Only two of the six charismatic ministries asked to submit financial data to the ranking Republican member of the Senate Finance Committee complied with their Dec. 6 deadline.
Last month, Sen. Charles Grassley sent letters requesting detailed information about perks, salaries, compensations and board-meeting minutes to Randy and Paula White, Benny Hinn, David and Joyce Meyer, Kenneth and Gloria Copeland, Eddie Long, and Creflo and Taffi Dollar. Grassley said his interest was in determining whether or not the nonprofits were operating in compliance with their tax-exempt status and gave the televangelists 30 days to respond.
Because the letter was sent from Grassley’s office and not from the Senate Finance Committee, the law does not require compliance. Nonetheless, Joyce Meyer Ministries and Kenneth Copeland Ministries mailed in their documents by the deadline. “Our timely response to the senator’s efforts to ensure the financial accountability of all nonprofits is a decisive demonstration of the high standard of fiscal responsibility that we hold ourselves to,” said a spokesman from Joyce Meyer ministries.
Benny Hinn Ministries asked for an extension until Jan. 30. Grassley said representatives for Randy and Paula White spoke with his office, but there had been no further response.
Long’s ministry did not release the requested information because Grassley’s letter was “not a subpoena or a formal inquiry by the Senate Finance Committee,” his attorneys said in a statement. The ministry sent Grassley a letter instead, saying the church will fully comply with all laws applicable to churches but that Grassley’s request disregards the ministry’s privacy protections.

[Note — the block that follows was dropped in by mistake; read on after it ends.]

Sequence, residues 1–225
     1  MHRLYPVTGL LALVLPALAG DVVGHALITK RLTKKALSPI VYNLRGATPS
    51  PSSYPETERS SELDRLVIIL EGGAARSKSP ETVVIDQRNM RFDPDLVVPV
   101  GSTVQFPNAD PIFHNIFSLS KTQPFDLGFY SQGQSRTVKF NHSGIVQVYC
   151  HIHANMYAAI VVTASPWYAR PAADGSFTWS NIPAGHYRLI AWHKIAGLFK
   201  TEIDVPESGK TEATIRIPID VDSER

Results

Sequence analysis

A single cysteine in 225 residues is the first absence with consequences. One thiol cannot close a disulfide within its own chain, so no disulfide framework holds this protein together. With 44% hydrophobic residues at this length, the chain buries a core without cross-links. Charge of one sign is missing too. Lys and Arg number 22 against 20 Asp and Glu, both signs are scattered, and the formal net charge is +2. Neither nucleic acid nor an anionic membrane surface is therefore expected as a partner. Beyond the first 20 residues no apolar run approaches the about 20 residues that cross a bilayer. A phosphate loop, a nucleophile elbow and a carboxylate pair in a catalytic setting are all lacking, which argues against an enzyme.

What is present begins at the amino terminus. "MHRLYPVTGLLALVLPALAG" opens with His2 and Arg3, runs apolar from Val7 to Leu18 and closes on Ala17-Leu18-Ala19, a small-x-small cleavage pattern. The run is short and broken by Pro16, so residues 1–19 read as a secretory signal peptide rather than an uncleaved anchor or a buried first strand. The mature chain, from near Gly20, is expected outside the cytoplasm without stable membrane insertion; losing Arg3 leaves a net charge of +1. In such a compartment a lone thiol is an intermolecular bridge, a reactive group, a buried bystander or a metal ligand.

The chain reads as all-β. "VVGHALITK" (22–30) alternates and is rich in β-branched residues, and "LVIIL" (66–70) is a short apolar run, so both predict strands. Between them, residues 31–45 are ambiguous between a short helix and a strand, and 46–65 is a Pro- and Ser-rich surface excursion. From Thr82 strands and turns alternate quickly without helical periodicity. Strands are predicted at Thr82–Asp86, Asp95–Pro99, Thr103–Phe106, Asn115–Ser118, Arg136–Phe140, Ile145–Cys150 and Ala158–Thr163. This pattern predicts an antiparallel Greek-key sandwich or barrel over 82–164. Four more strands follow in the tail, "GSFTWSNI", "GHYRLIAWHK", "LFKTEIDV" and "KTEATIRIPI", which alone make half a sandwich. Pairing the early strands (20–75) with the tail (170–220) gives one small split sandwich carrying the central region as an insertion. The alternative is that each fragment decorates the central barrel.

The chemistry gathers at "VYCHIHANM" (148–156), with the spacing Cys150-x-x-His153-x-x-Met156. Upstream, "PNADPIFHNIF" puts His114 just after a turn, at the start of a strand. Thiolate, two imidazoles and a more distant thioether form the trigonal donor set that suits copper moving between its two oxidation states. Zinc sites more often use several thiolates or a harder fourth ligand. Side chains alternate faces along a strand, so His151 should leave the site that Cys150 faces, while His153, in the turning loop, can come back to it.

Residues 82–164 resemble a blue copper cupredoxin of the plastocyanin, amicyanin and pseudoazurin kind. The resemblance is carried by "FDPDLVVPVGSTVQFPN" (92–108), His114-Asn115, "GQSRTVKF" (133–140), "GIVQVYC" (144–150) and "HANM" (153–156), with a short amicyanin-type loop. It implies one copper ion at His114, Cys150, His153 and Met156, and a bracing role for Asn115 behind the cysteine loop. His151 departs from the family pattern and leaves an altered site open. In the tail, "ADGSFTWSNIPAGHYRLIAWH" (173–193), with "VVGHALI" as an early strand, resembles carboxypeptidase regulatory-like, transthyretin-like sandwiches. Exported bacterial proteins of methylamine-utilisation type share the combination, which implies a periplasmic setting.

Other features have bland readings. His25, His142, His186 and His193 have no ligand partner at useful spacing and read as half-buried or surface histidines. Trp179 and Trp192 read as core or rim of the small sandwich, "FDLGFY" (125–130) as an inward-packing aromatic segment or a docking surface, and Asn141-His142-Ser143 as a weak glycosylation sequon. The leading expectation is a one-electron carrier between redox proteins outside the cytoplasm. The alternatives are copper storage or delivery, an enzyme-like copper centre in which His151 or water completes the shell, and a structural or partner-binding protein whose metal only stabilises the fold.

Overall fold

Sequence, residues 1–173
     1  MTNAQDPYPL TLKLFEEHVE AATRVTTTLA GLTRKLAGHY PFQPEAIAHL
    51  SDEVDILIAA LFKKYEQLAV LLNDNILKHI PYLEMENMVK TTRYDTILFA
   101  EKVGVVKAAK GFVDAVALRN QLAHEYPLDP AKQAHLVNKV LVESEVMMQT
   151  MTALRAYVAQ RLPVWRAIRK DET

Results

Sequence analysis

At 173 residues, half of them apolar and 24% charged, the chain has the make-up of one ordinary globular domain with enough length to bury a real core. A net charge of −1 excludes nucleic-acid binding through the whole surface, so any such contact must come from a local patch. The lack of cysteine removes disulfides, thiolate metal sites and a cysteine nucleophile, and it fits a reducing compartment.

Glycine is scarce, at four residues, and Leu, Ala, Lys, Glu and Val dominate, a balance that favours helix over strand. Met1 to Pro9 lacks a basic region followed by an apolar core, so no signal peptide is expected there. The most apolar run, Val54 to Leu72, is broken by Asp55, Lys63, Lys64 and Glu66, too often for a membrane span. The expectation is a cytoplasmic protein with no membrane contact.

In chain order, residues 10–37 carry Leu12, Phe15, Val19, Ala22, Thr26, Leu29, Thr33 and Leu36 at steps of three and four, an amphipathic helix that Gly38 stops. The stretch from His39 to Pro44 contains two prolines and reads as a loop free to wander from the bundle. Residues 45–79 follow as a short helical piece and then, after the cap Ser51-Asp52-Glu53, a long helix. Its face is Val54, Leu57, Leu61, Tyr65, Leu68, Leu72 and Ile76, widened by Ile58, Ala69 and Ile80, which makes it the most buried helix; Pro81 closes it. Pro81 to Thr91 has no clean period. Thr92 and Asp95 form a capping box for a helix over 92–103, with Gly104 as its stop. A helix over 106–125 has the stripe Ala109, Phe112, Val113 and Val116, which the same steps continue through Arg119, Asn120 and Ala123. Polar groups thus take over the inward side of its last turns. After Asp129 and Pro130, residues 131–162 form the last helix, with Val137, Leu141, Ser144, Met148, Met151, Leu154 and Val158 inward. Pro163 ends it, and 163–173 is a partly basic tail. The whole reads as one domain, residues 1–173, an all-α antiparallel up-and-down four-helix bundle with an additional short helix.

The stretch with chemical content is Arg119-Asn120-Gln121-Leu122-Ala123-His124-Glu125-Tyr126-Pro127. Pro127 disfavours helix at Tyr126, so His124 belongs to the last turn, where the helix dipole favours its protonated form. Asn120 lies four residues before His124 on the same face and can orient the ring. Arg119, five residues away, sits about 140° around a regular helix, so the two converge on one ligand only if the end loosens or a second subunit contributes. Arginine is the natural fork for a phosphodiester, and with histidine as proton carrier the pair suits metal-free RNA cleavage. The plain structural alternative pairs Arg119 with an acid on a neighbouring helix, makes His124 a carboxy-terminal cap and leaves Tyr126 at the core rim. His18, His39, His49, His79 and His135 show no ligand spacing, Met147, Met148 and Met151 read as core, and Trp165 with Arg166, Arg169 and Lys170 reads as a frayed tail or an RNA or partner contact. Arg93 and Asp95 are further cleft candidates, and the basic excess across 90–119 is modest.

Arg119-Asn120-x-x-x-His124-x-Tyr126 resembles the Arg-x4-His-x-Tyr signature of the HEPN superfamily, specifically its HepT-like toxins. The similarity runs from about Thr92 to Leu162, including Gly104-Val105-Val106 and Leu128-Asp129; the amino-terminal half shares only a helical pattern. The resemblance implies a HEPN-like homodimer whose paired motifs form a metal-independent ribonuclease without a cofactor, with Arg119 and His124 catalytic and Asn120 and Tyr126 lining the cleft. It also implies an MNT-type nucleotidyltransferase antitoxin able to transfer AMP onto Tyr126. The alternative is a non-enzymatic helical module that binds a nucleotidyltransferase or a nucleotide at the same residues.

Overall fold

Creflo Dollar, who has been vocal in the media in saying that the inquiry was an invasion of privacy, also sent a letter stating that it would not voluntarily turn over documents, Grassley’s office said. In a letter written by Dollar’s attorney, the ministry stated that the “religious doctrine and practices of a church should not be held out for the world to evaluate as a result of responding to Congressional inquiries,” the Atlanta Journal Constition reported.
Grassley has said issuing a subpeona is an option open to the finance committee, but that he would rather not have to pursue it. The senator noted that the only time he has had to pursue a subpoena was when he was gathering information from charities connected to Jack Abramoff, the political lobbyist now in prison for fraud, conspiracy and tax evasion.
“It’s good that some of the ministries are cooperating,” Grassley said in a statement released shortly after the 5 p.m. deadline. “I hope all of them will cooperate in the end. For the focus of this inquiry, ministries are the same as any other nonprofit organization. It’s a question of abiding by tax laws just like any tax-exempt group.”